NATO Secretary General Anders Fogh Rasmussen said Thursday the counter-insurgency strategy for Afghanistan will not be altered by the abrupt resignation of General Stanley McChrystal following the publication of disparaging remarks of top Obama administration officials by the general and his aides.
Rasmussen thanked General McChrystal for his service, while also reassuring Afghan war stakeholders.
"While he will no longer be the commander, the approach he helped put in place is the right one, said Rasmussen. "The strategy continues to have NATO's support, and our forces will continue to carry it out."
After McChrystal was removed as commander of U.S. and NATO forces on Wednesday, President Barack Obama nominated General David Petraeus, leader of the U.S. Central Command, to replace him.
Jane's Defense Weekly magazine editor Peter Felstead said McChrystal's departure may have been necessary from the perspective of the U.S. administration, but it's bad news for the NATO-led security mission in Afghanistan, ISAF (the International Security Assistance Force).
"If you look at the ISAF mission, what we're trying to achieve out there, I don't really think it was necessary and I think it may have something of a halting factor on the mission at a very crucial time," Felstead said.
He added McChrystal has been the driving force behind the current counter-insurgecy strategy in Afghanistan and he's leaving as the war effort has become increasingly difficult. However Felstead believes General Petraeus is a good replacement from NATO's perspective.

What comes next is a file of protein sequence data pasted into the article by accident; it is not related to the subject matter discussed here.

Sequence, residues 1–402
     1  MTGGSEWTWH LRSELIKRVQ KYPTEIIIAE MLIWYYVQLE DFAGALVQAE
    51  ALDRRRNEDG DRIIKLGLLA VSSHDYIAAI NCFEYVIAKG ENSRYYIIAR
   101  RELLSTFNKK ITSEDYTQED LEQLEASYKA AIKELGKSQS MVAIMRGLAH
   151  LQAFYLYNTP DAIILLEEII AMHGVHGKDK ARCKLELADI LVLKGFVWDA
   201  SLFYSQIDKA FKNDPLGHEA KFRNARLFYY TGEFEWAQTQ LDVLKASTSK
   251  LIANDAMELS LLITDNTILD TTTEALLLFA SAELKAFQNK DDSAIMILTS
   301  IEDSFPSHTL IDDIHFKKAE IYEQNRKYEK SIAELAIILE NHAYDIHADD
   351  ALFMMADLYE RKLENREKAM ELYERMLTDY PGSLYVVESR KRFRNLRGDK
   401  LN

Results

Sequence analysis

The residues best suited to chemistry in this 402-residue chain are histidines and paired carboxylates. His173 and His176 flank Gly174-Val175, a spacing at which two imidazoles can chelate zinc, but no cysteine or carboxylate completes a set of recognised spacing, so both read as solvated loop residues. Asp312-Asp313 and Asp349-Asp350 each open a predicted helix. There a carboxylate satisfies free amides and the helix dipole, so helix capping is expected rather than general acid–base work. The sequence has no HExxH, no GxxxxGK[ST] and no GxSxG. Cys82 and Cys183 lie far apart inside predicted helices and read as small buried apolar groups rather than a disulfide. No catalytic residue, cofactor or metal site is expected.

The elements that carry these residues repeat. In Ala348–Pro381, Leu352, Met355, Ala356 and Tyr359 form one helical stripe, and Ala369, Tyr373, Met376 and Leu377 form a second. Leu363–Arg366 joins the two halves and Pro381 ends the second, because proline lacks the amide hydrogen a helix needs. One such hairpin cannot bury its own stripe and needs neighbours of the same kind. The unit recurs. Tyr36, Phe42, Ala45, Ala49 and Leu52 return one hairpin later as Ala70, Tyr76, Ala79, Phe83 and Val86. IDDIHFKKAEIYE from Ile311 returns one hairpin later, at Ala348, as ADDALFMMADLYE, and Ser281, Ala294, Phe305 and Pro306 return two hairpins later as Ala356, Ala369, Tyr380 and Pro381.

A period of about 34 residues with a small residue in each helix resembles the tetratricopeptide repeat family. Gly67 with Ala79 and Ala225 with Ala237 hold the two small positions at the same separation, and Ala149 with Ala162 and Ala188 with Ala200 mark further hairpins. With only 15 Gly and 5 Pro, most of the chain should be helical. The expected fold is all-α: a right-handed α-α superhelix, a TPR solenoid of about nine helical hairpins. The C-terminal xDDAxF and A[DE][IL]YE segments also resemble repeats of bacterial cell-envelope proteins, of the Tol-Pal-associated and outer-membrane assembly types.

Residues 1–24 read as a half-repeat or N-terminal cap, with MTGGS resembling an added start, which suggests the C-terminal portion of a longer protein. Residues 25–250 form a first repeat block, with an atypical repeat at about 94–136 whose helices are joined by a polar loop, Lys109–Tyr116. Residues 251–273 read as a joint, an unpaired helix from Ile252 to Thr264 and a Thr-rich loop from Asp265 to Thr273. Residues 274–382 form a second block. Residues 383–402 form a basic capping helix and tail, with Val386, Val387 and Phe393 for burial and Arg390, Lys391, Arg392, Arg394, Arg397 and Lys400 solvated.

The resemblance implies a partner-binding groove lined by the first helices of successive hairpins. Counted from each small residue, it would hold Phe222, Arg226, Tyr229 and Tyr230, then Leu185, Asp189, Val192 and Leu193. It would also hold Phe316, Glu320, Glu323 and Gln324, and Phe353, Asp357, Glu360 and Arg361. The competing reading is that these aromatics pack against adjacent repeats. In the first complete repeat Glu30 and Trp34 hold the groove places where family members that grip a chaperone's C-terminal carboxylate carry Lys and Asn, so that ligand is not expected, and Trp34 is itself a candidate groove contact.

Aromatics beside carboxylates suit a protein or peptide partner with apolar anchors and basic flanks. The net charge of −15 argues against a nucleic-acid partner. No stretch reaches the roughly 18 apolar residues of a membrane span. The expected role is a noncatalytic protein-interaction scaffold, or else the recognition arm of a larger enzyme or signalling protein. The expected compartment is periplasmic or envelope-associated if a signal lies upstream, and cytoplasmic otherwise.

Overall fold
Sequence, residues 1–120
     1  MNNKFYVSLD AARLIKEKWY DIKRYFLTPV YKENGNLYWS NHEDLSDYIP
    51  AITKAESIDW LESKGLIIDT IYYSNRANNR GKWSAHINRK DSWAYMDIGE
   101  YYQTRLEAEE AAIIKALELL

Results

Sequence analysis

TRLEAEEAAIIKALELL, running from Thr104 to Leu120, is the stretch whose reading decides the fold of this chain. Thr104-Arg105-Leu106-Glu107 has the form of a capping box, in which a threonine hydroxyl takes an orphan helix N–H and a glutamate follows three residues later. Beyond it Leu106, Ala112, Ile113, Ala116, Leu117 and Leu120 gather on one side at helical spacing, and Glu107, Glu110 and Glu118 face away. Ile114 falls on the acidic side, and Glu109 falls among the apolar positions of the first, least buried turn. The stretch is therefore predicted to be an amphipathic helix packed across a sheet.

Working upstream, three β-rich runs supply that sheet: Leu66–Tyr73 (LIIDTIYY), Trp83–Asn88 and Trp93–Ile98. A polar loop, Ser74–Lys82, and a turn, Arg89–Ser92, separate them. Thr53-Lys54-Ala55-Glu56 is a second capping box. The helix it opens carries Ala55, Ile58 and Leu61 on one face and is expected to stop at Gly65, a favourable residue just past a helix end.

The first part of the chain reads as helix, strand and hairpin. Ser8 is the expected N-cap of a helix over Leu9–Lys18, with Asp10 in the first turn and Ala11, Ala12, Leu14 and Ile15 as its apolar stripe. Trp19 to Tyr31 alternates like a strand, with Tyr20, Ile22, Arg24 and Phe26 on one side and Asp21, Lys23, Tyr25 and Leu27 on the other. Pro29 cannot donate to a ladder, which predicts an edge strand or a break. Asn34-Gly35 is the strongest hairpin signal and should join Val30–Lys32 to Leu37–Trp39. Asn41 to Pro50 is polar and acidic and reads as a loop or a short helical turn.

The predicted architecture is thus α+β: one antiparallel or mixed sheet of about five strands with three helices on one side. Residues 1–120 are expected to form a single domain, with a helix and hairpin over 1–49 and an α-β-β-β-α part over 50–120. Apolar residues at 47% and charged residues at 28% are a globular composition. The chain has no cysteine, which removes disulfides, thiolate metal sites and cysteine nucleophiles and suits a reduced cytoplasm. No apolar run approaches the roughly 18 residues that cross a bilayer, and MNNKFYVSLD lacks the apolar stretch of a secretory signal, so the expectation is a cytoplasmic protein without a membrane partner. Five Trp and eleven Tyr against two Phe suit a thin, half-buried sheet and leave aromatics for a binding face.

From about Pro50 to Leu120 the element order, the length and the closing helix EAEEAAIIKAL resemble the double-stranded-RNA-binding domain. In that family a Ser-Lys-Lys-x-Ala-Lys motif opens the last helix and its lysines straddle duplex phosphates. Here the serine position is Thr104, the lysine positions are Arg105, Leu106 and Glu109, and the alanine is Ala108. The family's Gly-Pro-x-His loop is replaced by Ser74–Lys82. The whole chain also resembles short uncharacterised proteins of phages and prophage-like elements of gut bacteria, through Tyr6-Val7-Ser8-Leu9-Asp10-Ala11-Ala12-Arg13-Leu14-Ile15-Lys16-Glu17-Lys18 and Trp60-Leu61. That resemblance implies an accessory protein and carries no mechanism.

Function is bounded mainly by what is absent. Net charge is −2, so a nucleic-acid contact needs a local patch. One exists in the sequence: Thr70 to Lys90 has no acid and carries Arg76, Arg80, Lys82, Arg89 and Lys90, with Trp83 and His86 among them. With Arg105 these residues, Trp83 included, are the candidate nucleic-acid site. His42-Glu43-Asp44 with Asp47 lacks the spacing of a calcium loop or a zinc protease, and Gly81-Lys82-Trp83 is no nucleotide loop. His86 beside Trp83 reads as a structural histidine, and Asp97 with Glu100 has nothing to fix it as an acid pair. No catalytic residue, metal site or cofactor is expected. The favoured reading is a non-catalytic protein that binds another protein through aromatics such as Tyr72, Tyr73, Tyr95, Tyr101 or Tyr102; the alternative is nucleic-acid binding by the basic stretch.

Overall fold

"I don't think the ISAF headquarters will have wanted to see McChrystal go for any reason. But I think they'll be happy that someone with the gravitas and the counter-insurgency experience that Petraeus has will at least make them feel not so bad about McChrystal's departure."
Kabul has expressed its own dismay at McChrystal's departure. A spokesperson for Afghanistan's President Hamid Karzai described the general as a "trusted partner of the Afghan people."
Jane's Defense weekly editor Felstead said it will be difficult for Patraeus to build similar ties in a short amount of time.
"A lot of what is achieved out in country is built on relationships with people like the Afghans, with President Karzai. And General Petraeus is going to have to work hard to develop those relationships in a way that McChrystal had done." said Felstead.
McChrystal's strategy in Afghanistan brought tens of thousands of extra troops into Afghanistan. It was designed to cut civilian casualties and win over the local population. General Petraeus will have to be confirmed by the U.S. senate before taking over command in Afghanistan.
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